One of the best things about hiking — aside from getting to spend time in nature, seeing some of the most beautiful places on the planet, and the fantastic health benefits — is that you can do it year-round. Though brands tend to introduce their new hiking clothing in spring, in many parts of the country, winter is the best time for hiking. So if you buy hiking shorts before new gear launches, you can often find it on a screaming deal.
But you can’t just buy any pair of women’s hiking shorts off the internet. Wearing the wrong shorts or pants while hiking can lead to everything from sunburn and rubbing to big bites, and sweaty legs, or even a cold evening, if you happen to get soaked while wearing pants that don’t dry very quickly. Just like having the wrong shoes can give you blisters, the wrong shorts can lead to chaffing around the waist or thighs (ouch).
Fortunately, I do a ton of hiking, and was able to get my hands on some of the best under-the-radar women’s hiking shorts available on the market. I tested them through a hiking trip to Alaska, on 90-degree hikes around Vancouver, and while hiking in remote parts of British Columbia in late fall. And after testing a handful of pairs, I can confidently say these are the four best women’s hiking shorts and pants for most women looking to hit the trails in the coming months — and they’re all currently under $50.
We hope you love the items we recommend below! Just so you know, Matador may collect a small commission from the links on this page if you decide to make a purchase. Listed prices are accurate as of the time of publication.
- The best for comfort
- The best for distance hiking
- The best quick-drying (and best for curves)
- The best multi-sport short
- What to look for in a hiking short
- Hiking shorts vs. hiking pants
The best for maximum comfort: FreeFly Apparel Breeze Short
- Pros: Incredibly soft, dries quickly, built-in underwear, stretch fabric is flattering on everyone
- Cons: No side pockets, not very warm
- My two cents on sizing: Standard to slightly big — they have a straight, non-fitted cut. But a lot of stretch.
My favorite thing about the FreeFly Breeze Shorts is that you can hike in them or lay down for a quick nine hours of sleep and be supremely comfortable either way.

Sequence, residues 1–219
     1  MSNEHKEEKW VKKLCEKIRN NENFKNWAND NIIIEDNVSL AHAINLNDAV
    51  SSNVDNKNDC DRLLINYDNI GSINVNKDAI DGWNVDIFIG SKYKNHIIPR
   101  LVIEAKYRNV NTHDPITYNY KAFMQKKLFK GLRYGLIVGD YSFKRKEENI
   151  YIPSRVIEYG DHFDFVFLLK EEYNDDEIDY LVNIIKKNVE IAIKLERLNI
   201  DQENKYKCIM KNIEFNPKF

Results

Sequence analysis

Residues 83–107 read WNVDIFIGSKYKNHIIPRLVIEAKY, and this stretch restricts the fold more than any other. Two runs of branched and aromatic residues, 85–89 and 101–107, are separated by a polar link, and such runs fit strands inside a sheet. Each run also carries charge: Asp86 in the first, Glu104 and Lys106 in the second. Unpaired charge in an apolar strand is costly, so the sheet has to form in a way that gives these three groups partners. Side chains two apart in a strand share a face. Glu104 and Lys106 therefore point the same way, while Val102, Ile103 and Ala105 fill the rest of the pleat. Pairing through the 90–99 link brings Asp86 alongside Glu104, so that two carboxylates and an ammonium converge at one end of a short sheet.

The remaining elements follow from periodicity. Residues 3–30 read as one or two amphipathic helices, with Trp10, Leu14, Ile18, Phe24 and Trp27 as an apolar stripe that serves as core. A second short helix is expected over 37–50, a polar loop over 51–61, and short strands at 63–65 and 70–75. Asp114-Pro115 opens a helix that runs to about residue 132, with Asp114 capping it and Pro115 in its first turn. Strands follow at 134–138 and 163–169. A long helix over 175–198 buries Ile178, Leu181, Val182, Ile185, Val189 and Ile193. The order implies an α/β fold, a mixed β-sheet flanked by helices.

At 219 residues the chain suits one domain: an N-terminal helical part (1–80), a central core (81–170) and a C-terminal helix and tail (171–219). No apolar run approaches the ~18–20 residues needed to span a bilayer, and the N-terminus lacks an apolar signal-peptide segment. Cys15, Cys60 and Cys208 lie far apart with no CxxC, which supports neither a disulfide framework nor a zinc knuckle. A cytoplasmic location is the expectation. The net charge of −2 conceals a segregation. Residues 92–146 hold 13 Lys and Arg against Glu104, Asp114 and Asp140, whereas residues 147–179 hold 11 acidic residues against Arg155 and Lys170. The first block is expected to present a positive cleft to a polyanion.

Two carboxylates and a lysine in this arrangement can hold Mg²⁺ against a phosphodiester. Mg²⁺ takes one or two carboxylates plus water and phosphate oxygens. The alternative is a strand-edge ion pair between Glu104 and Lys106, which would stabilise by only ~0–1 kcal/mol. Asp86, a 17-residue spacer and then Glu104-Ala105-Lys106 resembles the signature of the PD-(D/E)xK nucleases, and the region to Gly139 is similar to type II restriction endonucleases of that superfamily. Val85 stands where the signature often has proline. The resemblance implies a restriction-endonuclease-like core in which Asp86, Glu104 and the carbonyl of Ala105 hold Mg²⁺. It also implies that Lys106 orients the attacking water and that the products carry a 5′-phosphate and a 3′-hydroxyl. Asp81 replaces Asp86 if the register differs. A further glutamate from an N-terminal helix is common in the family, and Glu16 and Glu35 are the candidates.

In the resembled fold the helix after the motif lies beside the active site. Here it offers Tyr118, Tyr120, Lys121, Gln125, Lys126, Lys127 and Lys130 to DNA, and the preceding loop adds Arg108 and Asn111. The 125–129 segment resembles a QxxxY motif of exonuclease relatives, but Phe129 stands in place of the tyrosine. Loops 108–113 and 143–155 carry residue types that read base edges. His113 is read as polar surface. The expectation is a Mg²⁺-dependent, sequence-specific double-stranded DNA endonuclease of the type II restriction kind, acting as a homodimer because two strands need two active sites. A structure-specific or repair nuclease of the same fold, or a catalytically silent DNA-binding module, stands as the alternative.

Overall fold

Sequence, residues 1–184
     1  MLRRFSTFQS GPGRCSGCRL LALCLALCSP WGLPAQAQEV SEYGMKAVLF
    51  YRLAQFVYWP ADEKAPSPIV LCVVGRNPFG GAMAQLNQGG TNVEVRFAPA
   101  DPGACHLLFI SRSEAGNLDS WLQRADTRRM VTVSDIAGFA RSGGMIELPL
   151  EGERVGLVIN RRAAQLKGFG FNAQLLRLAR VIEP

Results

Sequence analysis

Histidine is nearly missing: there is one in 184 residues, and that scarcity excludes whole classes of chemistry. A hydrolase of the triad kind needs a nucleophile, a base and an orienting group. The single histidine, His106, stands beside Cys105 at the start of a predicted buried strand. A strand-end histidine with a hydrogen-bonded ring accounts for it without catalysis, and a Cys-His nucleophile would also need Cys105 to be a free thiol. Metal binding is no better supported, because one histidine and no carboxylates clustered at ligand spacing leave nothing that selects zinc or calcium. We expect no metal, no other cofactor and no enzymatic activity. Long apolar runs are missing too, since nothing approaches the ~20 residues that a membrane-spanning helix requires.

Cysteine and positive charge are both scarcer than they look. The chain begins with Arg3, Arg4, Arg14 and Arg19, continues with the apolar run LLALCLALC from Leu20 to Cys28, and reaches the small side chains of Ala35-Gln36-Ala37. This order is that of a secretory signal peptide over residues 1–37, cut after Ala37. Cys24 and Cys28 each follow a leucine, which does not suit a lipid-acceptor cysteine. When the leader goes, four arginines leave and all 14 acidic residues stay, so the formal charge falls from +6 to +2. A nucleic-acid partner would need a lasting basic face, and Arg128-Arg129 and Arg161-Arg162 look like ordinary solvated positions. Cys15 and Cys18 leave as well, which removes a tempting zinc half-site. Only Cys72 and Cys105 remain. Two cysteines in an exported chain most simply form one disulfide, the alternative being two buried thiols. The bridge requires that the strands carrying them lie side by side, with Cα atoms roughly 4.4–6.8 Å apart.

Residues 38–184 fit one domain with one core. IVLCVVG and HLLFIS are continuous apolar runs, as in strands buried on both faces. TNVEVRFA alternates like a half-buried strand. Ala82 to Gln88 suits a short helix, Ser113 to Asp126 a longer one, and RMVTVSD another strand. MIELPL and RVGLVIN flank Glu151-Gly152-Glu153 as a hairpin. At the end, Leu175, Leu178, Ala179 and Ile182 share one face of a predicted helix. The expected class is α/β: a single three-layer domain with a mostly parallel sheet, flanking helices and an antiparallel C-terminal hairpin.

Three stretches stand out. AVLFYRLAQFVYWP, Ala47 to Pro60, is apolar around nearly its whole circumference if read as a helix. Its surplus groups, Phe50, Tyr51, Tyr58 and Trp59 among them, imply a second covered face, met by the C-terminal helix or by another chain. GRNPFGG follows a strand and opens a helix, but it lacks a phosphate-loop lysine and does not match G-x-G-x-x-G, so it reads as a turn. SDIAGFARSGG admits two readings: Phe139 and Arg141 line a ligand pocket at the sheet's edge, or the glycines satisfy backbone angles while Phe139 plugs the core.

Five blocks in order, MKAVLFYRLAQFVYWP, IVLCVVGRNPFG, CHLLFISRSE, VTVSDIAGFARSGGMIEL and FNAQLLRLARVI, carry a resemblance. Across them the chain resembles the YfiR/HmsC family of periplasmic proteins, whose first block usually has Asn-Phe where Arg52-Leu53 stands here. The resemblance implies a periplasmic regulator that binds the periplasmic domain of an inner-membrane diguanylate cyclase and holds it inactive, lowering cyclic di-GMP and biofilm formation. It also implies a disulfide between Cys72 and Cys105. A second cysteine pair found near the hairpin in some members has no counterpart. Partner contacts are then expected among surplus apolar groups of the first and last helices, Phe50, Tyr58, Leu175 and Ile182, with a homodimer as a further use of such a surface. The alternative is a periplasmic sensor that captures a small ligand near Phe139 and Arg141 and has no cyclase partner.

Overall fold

I’ve been a fan of FreeFly for a long time, primarily for their aesthetics (straight lines, solid colors, very classic styles) and the fact that all their clothing (women’s hiking shorts included) have UPF properties to protect your skin. But I recently tried the Breeze Short and they’ve become my go-to pair of shorts not just for outdoor activities, but also for running errands or just hanging out around the house.
The brand’s much-touted bamboo fabric is probably the most comfortably fabric I’ve ever worn, but it still has the properties you want in a hiking short: it’s quick drying, breathable, stretchy, and weighs nearly nothing. The trade-off then is that the fabric is pretty thin, so I wouldn’t wear it on hikes where I’m likely to be sitting on rough rocks for extended periods of time. But as a super versatile, throw-on-and-go hiking short, I’ve yet to find better.
There are only two things I would change. I’d like side pockets, but since the Breeze is more of a running short, it’s understandable that it doesn’t have them (however, the Pull-on Breeze Short does). And it may be nice if there was a drawstring around the waist, especially if they start stretching out because you haven’t washed them after a few hikes (or is that just me?)
Best for rugged or long-distance hikes: Sierra Design Fredonyer Stretch Short
- Pros: Durable, useful pockets, doesn’t show signs of wear, great price, comes in a pant
- Cons: Inseam may be a little long for some buyers
- My two cents on sizing: Fredonyer Stretch Short is standard sizing, Fredonyer Pant runs a little slim in the thighs (but stretches)
I generally like being light and breezy while hiking and could probably borderline be considered a minimalist hiker — I hiked from the US into Canada in Chacos hiking sandals, after all. But for all-day hikes or more rugged hikes where I know I’ll be going through tight brush, taking breaks on logs, or carrying a more substantial hiking pack with a hip belt, I do prefer a thicker.
Fortunately, the Sierra Designs Fredonyer Short seems to be just that, but it doesn’t have a bulky, boxy look — and it’s very comfortable. Sierra Designs doesn’t make a ton of items — primarily lightweight sleeping bags and backpacking tents, plus a good lightweight rain jacket — but what it does make it makes well, and sells at a decent price, too. So it shouldn’t have surprised me that its hiking gear would be equally useful.
The Fredonyer Short is loaded with features, including pockets big enough for a cell phone, a built-in adjustable belt, a zippered back pocket, and ventilated fabric inside the legs to reduce sweat. Better still, they also have an SPF 50 rating and seem very durable. I wore them while bushwhacking through a forest fire burn zone in an area full of low brush and broken twigs and sticks and they didn’t snag on anything — nor do they even look like they’ve been worn, really. I tested them on a 12-mile hike and didn’t have any damage to the shorts (or rubbing against my skin) at the end of the day.